Revenue Operations: A Game-Changer for B2B Marketers

Revenue operations is no doubt among the hottest trends in B2B marketing. Look at Twitter, for example, and you’ll see the hashtag #revops popping up more and more frequently.

So why has revenue ops continued to gain popularity and traction by the day, and how can marketers reap its benefits?

First, what is revenue ops?

Before we dive into the impact that revenue ops is having on Marketing, let’s back up and examine what it really means to have a revenue operations team in your company.

Although the concept of revenue operations is fairly new, it is by no means a new function. It’s the alignment of existing business functions—Marketing, Sales, and Customer Success—into one team that is driven by a single goal: growing revenue.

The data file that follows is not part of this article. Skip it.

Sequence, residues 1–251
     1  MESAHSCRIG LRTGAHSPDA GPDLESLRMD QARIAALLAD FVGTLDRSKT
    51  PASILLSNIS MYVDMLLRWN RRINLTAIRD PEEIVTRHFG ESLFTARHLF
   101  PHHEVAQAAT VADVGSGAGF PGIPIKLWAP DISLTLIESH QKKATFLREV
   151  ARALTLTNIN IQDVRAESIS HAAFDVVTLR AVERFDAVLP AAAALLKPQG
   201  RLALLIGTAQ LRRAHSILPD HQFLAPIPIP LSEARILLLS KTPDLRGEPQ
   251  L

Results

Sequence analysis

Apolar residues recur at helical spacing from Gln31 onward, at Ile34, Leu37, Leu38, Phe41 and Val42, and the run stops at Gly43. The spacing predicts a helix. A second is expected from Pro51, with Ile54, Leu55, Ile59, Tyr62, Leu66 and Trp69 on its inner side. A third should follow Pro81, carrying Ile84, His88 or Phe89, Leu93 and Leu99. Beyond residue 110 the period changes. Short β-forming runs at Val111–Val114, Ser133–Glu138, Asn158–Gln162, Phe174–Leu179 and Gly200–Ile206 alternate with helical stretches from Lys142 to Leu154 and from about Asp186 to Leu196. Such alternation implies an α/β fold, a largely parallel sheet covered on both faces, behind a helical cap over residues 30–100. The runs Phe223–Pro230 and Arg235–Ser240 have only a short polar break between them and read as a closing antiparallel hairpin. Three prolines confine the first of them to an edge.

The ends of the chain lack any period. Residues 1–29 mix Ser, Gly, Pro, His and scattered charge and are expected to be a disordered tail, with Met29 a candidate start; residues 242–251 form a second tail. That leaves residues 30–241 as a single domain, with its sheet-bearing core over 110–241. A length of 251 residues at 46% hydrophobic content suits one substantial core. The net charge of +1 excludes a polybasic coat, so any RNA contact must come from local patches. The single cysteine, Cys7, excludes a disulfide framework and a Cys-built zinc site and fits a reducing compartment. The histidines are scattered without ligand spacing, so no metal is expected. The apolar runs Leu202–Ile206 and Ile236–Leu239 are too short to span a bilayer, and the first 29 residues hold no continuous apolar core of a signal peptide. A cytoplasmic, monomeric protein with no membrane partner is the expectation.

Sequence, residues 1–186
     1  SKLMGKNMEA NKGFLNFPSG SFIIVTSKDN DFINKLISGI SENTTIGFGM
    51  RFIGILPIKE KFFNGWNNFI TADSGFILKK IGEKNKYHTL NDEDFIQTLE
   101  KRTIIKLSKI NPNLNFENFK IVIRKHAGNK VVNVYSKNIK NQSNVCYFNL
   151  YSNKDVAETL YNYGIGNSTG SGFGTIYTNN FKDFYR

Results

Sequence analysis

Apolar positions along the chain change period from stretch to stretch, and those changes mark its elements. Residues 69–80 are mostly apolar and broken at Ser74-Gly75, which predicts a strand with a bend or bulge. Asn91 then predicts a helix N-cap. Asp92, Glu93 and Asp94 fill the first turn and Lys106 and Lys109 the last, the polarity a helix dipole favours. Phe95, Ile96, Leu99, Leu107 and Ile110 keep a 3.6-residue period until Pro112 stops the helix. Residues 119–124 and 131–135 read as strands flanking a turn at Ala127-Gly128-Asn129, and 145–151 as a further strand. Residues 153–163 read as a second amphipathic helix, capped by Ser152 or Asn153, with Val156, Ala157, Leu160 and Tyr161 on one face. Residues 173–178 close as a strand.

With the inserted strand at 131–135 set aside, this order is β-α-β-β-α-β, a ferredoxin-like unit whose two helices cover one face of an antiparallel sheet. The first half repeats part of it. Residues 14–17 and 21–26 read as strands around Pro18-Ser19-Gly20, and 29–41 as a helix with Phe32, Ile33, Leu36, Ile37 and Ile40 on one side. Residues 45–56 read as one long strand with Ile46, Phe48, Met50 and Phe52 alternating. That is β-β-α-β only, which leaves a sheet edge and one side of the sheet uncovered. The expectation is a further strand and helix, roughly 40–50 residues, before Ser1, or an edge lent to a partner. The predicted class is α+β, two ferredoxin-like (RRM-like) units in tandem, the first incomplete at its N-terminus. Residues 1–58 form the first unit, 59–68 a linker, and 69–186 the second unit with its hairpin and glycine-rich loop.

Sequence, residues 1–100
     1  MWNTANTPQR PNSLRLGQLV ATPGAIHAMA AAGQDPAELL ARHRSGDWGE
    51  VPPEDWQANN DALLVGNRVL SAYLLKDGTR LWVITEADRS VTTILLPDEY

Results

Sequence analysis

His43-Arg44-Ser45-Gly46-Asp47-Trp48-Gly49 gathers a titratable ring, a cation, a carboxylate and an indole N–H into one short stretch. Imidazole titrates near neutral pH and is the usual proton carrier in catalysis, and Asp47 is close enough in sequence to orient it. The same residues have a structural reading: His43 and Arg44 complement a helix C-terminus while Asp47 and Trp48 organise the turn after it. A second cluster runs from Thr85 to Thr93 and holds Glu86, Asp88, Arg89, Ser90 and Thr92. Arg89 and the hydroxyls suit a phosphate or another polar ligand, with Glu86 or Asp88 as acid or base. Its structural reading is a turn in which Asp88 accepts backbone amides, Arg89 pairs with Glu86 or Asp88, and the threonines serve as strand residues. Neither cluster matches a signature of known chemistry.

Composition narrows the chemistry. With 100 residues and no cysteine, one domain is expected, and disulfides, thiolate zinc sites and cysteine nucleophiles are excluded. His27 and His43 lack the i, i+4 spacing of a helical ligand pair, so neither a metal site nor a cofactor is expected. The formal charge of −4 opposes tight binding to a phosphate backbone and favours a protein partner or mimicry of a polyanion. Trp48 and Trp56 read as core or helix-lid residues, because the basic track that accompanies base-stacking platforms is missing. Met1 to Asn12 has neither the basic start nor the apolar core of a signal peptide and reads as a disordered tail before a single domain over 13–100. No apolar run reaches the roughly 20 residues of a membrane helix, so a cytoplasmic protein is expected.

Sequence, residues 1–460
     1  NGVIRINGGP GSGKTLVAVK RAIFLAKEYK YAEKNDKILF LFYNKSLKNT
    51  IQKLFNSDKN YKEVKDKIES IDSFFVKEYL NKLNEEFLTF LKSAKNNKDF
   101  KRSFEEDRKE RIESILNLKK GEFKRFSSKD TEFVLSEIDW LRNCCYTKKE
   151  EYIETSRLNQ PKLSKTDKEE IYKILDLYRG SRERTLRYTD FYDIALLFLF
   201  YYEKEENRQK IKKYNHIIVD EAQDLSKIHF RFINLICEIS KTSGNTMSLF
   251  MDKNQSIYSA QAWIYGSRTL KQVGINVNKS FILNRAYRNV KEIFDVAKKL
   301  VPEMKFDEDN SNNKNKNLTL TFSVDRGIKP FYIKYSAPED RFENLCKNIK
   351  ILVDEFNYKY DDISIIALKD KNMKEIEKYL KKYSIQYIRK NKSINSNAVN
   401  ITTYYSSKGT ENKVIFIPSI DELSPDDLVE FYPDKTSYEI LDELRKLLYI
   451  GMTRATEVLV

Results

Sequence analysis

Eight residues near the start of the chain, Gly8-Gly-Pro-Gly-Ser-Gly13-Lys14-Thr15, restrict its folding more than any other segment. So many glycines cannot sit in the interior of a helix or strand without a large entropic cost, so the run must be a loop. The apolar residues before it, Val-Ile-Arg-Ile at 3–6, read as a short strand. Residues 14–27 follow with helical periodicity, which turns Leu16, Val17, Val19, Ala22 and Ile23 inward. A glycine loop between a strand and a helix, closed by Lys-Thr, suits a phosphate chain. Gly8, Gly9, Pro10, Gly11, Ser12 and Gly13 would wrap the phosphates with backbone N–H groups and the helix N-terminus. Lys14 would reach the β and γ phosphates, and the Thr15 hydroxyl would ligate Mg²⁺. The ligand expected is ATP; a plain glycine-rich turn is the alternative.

The traditional organization model divides teams by business function, governed by respective departments, such as Sales Ops, Marketing Ops, and Business Ops. Each team brings to revenue ops its own unique incentives, priorities, and challenges, which might not always align with the others’. On the occasions that those goals do overlap, each team may still have its own approach toward a solution based on different perspectives and expertise.

Revenue operations addresses that problem by breaking down the walls between departments and aligning goals, analytics, and the tech stack, focusing all efforts on growing revenue.

Many people refer to revenue operations as the behind-the-scenes driver that advances processes and enables technology and analytics. But that’s not everything about revenue ops. Revenue operations supports the go-to-market teams by providing them with a single unified view of customer experiences and a comprehensive summary of every player in the process of growing revenue.

Revenue operations is the new revenue-production engine